An interview with Hussein Sheikh Qassim is the Medical Activities Manager in the Doctors Without Borders/Médecins Sans Frontières (MSF) hospital in Marere, southern Somalia.
Somalia 2011© MSF
Hussein Sheikh Qassim is the Medical Activities Manager in the Doctors Without Borders/Médecins Sans Frontières (MSF) hospital in Marere, southern Somalia. He spoke by phone on August 17.
Today, when we woke up, the skies were covered by dark clouds and we still haven’t seen the sun. Because of the weather, people haven’t brought the sick to us today. No cars are going back and forth between towns for fear of heavy rain. The roads here are not tarmac, and when it rains the soil gets muddy and no vehicle can move an inch. So no one is taking any chances, even though it hasn’t rained properly here for the past three years.
But, despite the dark clouds overhead, the hospital is still full from the numbers of people who have been arriving over the past few days. We have been really busy.
Last night, there were 103 children staying in our feeding center, all severely malnourished. We have 57 patients of all ages in the inpatient department, 131 patients in the tuberculosis department, and we do about 300 outpatient consultations every day. We also have an immunization department, a clinic for screening patients, and of course the mobile clinic, which goes to towns around Marere so we can treat patients without them having to come to us. We also have cars on standby which act as ambulances and which go to neighboring towns and bring the most severely malnourished or ill patients to us. So, in terms of numbers, ours hands are full beyond capacity.
Marere is a bit different from other regions: it is next to the river and we get occasional showers here, even though the soil is too dry for it to make any difference and no vegetation grows. Most of the country is facing a severe drought, and most of the patients we are seeing are extremely malnourished. In hospitals in normal countries you see sick patients, but what we are seeing here is not normal. We are seeing sick patients who, on top of being sick, are actually starving.
A lot of mothers have walked for days just to visit our hospital, carrying their children on their back. The mothers haven’t had anything to eat for days, so we end up having to treat and feed them too.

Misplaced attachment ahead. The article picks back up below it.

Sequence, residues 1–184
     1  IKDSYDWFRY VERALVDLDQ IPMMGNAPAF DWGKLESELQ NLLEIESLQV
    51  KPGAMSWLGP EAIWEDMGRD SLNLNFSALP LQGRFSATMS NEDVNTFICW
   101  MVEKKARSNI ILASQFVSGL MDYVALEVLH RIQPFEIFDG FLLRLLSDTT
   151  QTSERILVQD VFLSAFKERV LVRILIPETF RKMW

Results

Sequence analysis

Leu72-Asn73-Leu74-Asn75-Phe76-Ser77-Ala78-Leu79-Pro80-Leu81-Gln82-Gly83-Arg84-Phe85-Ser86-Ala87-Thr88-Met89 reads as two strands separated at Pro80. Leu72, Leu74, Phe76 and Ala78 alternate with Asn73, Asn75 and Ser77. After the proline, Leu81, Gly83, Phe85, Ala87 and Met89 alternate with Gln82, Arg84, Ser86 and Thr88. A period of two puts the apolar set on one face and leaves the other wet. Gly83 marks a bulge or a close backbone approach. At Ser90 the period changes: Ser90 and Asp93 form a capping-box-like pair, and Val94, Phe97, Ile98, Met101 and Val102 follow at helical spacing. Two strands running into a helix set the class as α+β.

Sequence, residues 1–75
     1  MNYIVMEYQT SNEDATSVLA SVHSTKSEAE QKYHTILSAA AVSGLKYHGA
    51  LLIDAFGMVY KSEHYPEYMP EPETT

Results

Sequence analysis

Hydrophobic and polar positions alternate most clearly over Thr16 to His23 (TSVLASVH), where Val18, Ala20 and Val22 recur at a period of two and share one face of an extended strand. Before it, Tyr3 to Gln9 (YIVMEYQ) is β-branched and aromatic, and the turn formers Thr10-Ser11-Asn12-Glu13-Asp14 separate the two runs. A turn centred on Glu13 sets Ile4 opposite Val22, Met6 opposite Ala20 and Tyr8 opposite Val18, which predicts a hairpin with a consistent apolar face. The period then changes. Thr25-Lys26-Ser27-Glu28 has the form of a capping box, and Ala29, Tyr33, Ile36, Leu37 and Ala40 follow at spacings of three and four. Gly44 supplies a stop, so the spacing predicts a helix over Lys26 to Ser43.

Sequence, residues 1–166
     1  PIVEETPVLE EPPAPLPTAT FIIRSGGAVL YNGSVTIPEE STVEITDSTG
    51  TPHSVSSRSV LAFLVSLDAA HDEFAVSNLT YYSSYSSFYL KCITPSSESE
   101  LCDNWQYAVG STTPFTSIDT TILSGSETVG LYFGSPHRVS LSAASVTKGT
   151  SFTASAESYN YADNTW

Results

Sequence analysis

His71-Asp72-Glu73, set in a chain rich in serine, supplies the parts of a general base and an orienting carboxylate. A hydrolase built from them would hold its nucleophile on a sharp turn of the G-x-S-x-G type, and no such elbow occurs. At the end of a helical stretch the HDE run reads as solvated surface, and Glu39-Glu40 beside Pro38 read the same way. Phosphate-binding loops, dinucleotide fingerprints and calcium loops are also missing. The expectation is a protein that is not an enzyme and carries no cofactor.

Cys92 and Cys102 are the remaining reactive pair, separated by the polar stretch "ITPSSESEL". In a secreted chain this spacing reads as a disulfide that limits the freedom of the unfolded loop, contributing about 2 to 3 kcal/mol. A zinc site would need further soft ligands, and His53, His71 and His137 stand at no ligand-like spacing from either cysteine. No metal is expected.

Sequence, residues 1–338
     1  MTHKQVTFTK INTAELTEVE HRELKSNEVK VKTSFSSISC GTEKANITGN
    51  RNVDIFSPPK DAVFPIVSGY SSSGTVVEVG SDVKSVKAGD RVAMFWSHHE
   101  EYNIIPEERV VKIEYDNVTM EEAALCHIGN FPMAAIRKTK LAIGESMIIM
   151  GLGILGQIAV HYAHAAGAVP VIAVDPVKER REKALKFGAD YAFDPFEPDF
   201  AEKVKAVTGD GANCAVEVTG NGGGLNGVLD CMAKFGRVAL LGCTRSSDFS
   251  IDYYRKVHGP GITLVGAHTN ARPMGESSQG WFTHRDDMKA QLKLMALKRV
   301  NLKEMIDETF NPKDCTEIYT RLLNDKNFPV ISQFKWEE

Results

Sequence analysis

This week an elderly woman arrived with her three-year-old grandson from Jiro, a camp for displaced people, 70 kilometers [42 miles] from here. Their family were herders, but all their cattle had died and they were left with just a few goats. The boy’s grandmother told us that Siyat Abdi Ali had been sick for a month–coughing, vomiting and suffering from diarrhea. But what really shocked us was that for the whole month the child had been sick, all he had been fed on was sweet tea with a trickle of goat’s milk, as that was all the family had left.
As you can imagine, the child was skin and bone, and starving. We admitted him straight away, and he was diagnosed with pneumonia and severe malnutrition. His grandmother was severely malnourished too, and they are both being treated in the hospital now. Siyat is being fed through a tube because he is too weak to eat on his own, but at least he is moving his limbs now, unlike when he was first brought in.
Generally we are seeing more malnourished adults, which is something we are not used to. We have just admitted a 14-year-old boy to our feeding center–in Somalia, 14 is considered grown up. There are increasing numbers of severely malnourished pregnant women, too. Expectant mothers need more food, because they have to eat for two. But many of these women are so malnourished and so weak that they don’t have the muscle strength to push when they go into labor. A lot of muscle contractions are required to give birth naturally. We are seeing more cases of women who have bled because they weren’t able to give birth naturally, so we give them blood transfusions. In the lucky situation where the children are born alive, they are of low birth weight, and severely weak, and so we admit them to hospital too.
MSF is saving a lot of people–children and adults–who might otherwise have died, from malnutrition or from preventable causes. There are no other agencies anywhere near here, and we are the only organization providing assistance–in terms of both health care and food–in this region. We have been doing this for years.
Let me tell you a story. Before MSF opened its hospital in Marere in July 2003, the region had very few young people, because so many were dying from preventable diseases. Now, if you take a simple walk around the town, you will see many youngsters who maybe wouldn’t be here today if we hadn’t given them immunizations and medical treatment. People jokingly call any child under the age of 11 “the MSF generation."
MSF has been active in Marere since July 2003. Around 140 national staff members run a hospital program with inpatient and outpatient facilities, EPI (vaccinations), a reproductive health program (emergency obstetric care and ANC), and a large nutritional component with therapeutic feeding centers.